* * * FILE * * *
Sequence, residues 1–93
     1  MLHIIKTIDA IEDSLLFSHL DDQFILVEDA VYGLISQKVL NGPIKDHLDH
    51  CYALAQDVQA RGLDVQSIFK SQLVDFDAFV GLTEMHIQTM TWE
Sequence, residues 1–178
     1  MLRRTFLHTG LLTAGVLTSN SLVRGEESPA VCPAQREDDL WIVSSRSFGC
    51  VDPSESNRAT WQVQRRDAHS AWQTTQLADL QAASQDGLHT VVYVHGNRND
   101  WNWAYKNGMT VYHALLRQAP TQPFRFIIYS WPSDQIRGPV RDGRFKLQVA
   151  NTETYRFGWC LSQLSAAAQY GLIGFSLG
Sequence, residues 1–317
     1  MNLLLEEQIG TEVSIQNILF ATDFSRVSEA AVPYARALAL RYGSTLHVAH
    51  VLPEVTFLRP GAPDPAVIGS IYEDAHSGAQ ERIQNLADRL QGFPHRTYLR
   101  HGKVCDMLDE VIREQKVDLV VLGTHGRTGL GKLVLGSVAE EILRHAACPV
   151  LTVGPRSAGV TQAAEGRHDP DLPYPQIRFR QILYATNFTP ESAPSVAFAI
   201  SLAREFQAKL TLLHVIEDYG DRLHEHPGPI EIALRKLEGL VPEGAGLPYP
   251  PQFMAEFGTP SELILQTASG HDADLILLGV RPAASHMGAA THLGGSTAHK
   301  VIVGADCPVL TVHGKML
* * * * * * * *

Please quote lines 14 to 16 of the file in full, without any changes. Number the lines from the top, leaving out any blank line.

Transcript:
   201  SLAREFQAKL TLLHVIEDYG DRLHEHPGPI EIALRKLEGL VPEGAGLPYP
   251  PQFMAEFGTP SELILQTASG HDADLILLGV RPAASHMGAA THLGGSTAHK
   301  VIVGADCPVL TVHGKML